My Thoughts on Presuppositional Apologetics

By Nate Labadorf

I’ve thought a fair bit about presuppositional apologetics this last year and have come to some mixed conclusions. At first, I thought it was a poor system because it starts with a viscously circular argument. But, after further reflection, I did find some value in it.

On the plus side, it does force you to examine your presuppositions. This is a fundamental part of any good research project that often gets overlooked. Also, the transcendental argument is decent. This is the argument which basically says that Christianity is true because without it nothing makes sense. I think this argument is the prime value of presuppositionalism. There are a few more like-able things I’m sure, but I don’t think I’ll add more here.

On the other hand, I still consider it a poor system. To me, the greatest weakness outside of its logical flaws is the attitude it engenders in people. It generates a proud, dismissive attitude to both alternative opinions and opponents. I know, I know, it’s not supposed to do that. But the reality is, I have not met very many presuppositionalists who take opposing viewpoints seriously. Why? Because it is built into the system.

The argument presupposes that the Bible is true and that if any other opinion contains truth, it “borrows” from the Biblical worldview (I very much disagree with this). What happens next is a subtle shift. The Biblical worldview is exchanged for one’s assumptions about what they think the Bible means. This, in turn, leads to the false conclusion that what I believe is truth and therefore any disagreements are false. The result is usually an arrogant attitude that dismisses the opposition as ignorant and (frankly) stupid. Just read the rhetoric coming from presuppositional young earth creationists. It often displays both a high degree of arrogance and ignorance. While I myself hold to a young earth viewpoint, I don’t think presuppositionalism has done many favors for the attitudes of many people.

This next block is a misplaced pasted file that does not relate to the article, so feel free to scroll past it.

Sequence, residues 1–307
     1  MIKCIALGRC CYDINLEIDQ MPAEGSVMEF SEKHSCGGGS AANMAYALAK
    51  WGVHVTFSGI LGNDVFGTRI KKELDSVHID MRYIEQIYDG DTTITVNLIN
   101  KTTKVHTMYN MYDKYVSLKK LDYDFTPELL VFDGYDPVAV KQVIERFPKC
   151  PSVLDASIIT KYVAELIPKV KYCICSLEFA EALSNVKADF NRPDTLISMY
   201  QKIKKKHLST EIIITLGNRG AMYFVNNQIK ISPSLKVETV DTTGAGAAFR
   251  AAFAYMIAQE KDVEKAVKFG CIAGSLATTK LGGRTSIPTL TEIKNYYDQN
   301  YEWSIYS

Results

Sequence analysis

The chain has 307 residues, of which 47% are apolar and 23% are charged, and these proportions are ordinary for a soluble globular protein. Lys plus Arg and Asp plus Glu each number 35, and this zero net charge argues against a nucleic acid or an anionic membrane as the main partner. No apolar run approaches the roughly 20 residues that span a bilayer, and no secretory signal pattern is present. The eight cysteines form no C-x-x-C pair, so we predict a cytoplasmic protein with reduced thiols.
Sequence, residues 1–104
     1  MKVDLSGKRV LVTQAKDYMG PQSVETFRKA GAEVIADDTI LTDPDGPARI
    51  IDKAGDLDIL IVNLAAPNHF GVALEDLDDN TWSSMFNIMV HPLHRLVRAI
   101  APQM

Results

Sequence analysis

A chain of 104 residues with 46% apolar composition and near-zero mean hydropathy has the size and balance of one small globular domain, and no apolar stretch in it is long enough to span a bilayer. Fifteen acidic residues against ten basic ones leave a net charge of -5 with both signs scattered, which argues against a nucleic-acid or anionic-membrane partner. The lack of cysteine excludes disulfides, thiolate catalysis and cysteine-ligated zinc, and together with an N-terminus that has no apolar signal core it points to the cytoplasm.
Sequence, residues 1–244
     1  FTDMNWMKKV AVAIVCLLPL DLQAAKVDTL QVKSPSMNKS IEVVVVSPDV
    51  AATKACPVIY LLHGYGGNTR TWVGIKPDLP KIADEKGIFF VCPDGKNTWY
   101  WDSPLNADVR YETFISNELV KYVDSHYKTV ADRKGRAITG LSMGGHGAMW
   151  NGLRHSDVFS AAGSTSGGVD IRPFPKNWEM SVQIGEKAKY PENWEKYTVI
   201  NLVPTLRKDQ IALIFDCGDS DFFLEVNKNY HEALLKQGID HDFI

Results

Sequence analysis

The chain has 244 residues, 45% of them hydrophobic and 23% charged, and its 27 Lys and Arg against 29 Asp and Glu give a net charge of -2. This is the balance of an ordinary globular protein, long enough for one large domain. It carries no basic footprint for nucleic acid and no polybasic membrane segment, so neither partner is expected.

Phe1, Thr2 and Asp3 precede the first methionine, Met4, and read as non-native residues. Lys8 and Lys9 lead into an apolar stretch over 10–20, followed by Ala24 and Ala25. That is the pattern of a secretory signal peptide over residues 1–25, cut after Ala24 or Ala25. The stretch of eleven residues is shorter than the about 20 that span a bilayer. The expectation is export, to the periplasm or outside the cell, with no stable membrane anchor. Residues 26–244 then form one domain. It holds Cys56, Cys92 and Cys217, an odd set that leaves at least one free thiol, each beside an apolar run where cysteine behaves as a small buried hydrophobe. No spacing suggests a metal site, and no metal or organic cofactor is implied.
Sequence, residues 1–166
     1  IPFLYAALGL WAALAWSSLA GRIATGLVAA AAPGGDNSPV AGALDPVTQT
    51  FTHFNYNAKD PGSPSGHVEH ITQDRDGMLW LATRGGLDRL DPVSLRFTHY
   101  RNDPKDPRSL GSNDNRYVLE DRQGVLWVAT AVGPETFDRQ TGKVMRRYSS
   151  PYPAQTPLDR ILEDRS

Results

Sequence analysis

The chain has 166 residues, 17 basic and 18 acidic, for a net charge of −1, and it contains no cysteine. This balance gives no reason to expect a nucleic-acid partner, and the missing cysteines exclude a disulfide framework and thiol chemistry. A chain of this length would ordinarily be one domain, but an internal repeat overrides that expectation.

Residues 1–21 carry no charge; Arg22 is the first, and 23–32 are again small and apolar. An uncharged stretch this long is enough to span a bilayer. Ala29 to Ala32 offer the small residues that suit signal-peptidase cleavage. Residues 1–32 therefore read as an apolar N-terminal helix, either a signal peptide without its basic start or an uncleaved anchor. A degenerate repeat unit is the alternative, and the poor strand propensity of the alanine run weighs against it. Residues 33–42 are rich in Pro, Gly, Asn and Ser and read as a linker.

My second disagreement is that presuppositional apologetics isn’t built to defend scripture or the Biblical world view. It’s built to defend the Reformed/Calvinistic worldview. This was the goal from the onset. You can find it clearly stated Van Til, Bahnsen, and others. Since I reject Calvinistic theology, I don’t find much use for a system that is bent on supporting it. My greatest problem with it is that, in answering the problem of evil, it declares that God plans, brings about, and causes evil to happen. I know there is sophisticated logic that I am skipping over. But if God micromanages the universe, this is the necessary conclusion. I’ve known a little pain in my life, and I’ve heard of the worst kinds of pain. I just don’t see the Calvinistic answer as a good one.

Third, presuppositionalism argues that empirical data will be interpreted differently based upon your presuppositions. My basic problem with this is that it often gives a cheap answer to an expensive question. Usually, this argument is used when the Christian doesn’t have a good explanation for his viewpoint. Instead of evaluating and critically looking at the data, we say “well, that’s just the way you see it.”

The problem is that often data simply has one interpretational direction. For example, the data indicating that dinosaurs had feathers is very strong. Many young earth creationists deny this fact because they don’t believe it. The problem is, the data to my understanding is clear: dinosaurs had feathers. It doesn’t matter what your presuppositions are, the truth exists with or without your presuppositions.

Let me put it more simply. You and I could stand on the side of the road waiting to cross. We both observe a bus coming down the road. You presume it’s an illusion, but I don’t. You step out in front of the bus and get pummeled. At some point, the data clearly shows, regardless of your presuppositions, that the bus is indeed real. If you had been an evidentialist like me, you wouldn’t have stepped out in front of the bus. The point is, presuppositions don’t determine truth. Presuppositions fill in the gaps in our evidence until new data slaps us in the face.

In the end, I find much of presuppositionalism to be the arguments generated by confirmation bias rather than a serious engagement with issues. It is helpful to study for the reasons I first stated. But as an apologetic system, I find it weak. I know this post is a little short and (not so) sweet. It’s more or less just a summary of my thoughts. Disagree? Let me know below.

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